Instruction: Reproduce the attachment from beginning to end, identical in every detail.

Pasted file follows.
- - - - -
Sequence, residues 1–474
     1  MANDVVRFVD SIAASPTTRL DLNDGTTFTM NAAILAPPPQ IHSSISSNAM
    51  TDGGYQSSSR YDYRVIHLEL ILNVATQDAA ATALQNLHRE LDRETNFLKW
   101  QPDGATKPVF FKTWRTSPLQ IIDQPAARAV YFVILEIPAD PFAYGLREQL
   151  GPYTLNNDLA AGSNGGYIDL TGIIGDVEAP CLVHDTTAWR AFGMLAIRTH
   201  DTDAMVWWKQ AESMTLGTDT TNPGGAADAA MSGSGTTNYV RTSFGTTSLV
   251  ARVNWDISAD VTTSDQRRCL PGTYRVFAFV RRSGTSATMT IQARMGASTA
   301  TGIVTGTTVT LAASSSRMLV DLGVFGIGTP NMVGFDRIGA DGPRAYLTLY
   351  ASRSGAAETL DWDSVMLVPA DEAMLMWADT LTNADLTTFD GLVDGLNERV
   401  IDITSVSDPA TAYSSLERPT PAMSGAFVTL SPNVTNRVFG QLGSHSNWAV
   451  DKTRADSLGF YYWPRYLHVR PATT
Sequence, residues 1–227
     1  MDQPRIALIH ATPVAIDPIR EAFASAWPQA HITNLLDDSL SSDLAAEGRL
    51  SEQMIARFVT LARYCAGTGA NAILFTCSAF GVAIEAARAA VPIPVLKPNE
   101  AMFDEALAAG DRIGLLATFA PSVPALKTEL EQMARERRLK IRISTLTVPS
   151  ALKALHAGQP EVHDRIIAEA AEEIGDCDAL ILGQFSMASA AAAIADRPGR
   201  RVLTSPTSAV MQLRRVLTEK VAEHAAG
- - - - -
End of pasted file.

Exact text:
Sequence, residues 1–474
     1  MANDVVRFVD SIAASPTTRL DLNDGTTFTM NAAILAPPPQ IHSSISSNAM
    51  TDGGYQSSSR YDYRVIHLEL ILNVATQDAA ATALQNLHRE LDRETNFLKW
   101  QPDGATKPVF FKTWRTSPLQ IIDQPAARAV YFVILEIPAD PFAYGLREQL
   151  GPYTLNNDLA AGSNGGYIDL TGIIGDVEAP CLVHDTTAWR AFGMLAIRTH
   201  DTDAMVWWKQ AESMTLGTDT TNPGGAADAA MSGSGTTNYV RTSFGTTSLV
   251  ARVNWDISAD VTTSDQRRCL PGTYRVFAFV RRSGTSATMT IQARMGASTA
   301  TGIVTGTTVT LAASSSRMLV DLGVFGIGTP NMVGFDRIGA DGPRAYLTLY
   351  ASRSGAAETL DWDSVMLVPA DEAMLMWADT LTNADLTTFD GLVDGLNERV
   401  IDITSVSDPA TAYSSLERPT PAMSGAFVTL SPNVTNRVFG QLGSHSNWAV
   451  DKTRADSLGF YYWPRYLHVR PATT
Sequence, residues 1–227
     1  MDQPRIALIH ATPVAIDPIR EAFASAWPQA HITNLLDDSL SSDLAAEGRL
    51  SEQMIARFVT LARYCAGTGA NAILFTCSAF GVAIEAARAA VPIPVLKPNE
   101  AMFDEALAAG DRIGLLATFA PSVPALKTEL EQMARERRLK IRISTLTVPS
   151  ALKALHAGQP EVHDRIIAEA AEEIGDCDAL ILGQFSMASA AAAIADRPGR
   201  RVLTSPTSAV MQLRRVLTEK VAEHAAG